The NEA report provides comparative state data and national averages on a host of important public education statistics, teacher salaries, student enrollment, and revenue and expenditures for the most recent school year.
Highlights from this year’s report and NEA’s salary data:
- The national average teacher salary increased from $59,539 in 2016-17 to $60,477 in 2017-18.
- Average teacher salaries in 2017-18 ranged from a high of $84,227 in New York to a low of $44,926 in Mississippi.
- If one does not adjust for inflation, the national average teacher salary has increased by 11.2 percent since 2008-09. However, after adjusting for inflation, the national average teacher salary has decreased by 4.5 percent over the past decade.
- Sixty-three percent of reported public school districts still offer a starting salary below $40,000.
Expenditure per Student
- The U.S. average per-student expenditure in 2017‒18, based on fall enrollment, was $12,602. The following states had the highest per-student expenditures: New York ($23,894), District of Columbia ($21,001), and New Jersey ($20,171). Idaho ($6,809), Utah ($7,187), and Arizona ($8,123) had the lowest.
- In 2018-19, expenditures per student are projected to increase by 2.5 percent to $12,920, up from $12,602 in 2017‒18. This compares with a 2.7 percent increase in total current expenditures.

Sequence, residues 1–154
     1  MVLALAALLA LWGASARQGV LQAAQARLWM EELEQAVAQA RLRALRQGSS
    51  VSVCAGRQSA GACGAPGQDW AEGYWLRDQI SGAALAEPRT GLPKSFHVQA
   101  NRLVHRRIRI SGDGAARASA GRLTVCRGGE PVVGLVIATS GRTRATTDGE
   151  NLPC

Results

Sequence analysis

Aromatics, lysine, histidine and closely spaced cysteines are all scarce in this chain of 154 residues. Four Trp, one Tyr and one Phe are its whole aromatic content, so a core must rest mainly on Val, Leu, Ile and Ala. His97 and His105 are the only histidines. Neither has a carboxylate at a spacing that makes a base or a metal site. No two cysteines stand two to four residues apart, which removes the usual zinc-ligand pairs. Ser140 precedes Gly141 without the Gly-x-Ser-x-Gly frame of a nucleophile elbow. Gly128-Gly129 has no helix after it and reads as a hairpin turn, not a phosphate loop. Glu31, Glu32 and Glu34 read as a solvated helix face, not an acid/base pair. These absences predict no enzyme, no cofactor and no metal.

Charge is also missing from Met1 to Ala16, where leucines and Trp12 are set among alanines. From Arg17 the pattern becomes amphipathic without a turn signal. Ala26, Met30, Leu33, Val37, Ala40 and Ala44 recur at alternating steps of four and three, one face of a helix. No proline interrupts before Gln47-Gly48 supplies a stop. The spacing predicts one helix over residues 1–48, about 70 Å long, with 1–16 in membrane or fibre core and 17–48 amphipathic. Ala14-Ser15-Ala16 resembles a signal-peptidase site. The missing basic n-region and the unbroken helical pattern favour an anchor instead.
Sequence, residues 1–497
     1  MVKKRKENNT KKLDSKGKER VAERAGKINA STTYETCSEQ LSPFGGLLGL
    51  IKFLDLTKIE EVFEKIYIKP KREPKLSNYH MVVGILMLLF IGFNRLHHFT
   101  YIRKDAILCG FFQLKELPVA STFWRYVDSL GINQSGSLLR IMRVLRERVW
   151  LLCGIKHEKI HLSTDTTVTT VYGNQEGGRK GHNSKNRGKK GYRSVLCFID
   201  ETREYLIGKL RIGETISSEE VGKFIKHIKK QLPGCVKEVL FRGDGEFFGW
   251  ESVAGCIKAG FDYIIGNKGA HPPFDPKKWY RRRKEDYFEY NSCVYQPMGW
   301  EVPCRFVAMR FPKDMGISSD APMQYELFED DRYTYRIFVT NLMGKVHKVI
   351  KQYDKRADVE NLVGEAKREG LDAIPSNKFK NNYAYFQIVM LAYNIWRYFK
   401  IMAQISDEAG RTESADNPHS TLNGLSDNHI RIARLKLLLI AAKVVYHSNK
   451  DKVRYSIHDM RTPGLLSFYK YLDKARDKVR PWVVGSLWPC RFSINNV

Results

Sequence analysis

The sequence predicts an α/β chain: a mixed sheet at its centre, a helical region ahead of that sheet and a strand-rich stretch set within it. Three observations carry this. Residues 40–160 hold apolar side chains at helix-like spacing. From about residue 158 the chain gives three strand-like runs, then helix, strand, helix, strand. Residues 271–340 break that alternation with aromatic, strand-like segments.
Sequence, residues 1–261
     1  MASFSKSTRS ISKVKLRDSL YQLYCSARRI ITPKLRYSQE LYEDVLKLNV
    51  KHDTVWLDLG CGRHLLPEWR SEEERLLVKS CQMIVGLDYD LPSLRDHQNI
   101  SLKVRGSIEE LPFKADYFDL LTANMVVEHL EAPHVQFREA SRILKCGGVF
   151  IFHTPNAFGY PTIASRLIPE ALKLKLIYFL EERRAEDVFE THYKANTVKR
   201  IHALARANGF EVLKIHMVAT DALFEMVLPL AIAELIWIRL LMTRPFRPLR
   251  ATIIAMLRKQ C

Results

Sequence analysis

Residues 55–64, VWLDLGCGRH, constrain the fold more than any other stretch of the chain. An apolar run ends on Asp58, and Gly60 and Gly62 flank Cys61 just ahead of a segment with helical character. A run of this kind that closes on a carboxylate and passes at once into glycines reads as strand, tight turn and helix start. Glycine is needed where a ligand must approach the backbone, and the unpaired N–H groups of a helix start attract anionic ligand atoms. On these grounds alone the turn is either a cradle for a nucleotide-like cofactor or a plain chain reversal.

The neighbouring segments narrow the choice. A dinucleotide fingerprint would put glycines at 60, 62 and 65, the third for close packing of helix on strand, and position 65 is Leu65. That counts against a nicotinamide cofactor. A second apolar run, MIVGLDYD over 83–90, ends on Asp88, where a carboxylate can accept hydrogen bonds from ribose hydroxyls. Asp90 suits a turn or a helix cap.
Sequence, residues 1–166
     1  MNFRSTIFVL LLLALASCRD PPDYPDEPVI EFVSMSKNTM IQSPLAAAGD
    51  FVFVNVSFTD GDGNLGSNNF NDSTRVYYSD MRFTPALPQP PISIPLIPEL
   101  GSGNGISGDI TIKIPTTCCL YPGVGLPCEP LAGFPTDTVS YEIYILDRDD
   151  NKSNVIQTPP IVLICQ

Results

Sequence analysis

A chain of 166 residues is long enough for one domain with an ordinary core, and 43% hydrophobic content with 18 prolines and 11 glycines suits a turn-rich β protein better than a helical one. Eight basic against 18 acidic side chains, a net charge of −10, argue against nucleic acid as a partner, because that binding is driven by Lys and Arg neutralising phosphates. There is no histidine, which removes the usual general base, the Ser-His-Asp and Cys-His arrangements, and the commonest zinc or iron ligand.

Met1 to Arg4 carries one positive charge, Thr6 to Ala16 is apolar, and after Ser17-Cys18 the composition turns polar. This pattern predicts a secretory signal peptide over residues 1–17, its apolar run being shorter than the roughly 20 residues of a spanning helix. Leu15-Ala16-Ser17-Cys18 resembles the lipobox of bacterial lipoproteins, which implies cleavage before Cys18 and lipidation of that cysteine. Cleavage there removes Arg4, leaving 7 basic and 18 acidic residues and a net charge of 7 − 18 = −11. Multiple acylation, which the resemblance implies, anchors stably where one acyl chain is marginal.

- Over the last decade, the average per-student expenditure has risen by 20.6 percent from $10,715 to $12,920. After inflation adjustment, the expenditure per student in enrollment has increased by 3.3 percent.
- School funding continues to be state and local oriented. In 2016–17, 47.0 percent of public school revenue came from state funds, while 47.1 percent came from state funds in 2017–18. Local funds contributed similar percentages in both 2016‒17 (45.1 percent) and 2017‒18 (45.4 percent). In those two years, federal funds constituted 7.9 percent and 7.5 percent, respectively, of K-12 education revenue.
“If we’re serious about every child’s future, let’s get serious about doing what works,” said Eskelsen García. “We cannot recruit and retain the committed, qualified educators that students deserve without making a major investment in raising salaries. In order to ensure that every student has a qualified teacher in the classroom and caring professionals in schools, we must make a better investment in our educators.”
Upon release of the reports on Monday, NEA will also be launching an interactive map that allows users to scroll over individual states and see individual state data and rankings. This will live at http://neatoday.org/redfored/#map
NEA has produced the Rankings and Estimates report for more than 70 years. The complete report can be found at http://www.nea.org/home/44479.htm
Technical note: Rankings data come primarily through collaborative efforts with state Departments of Education. Estimates are determined through recognized statistical analysis procedures, as presented in the methodology section of the report.
- Celeste Busser
- [email protected]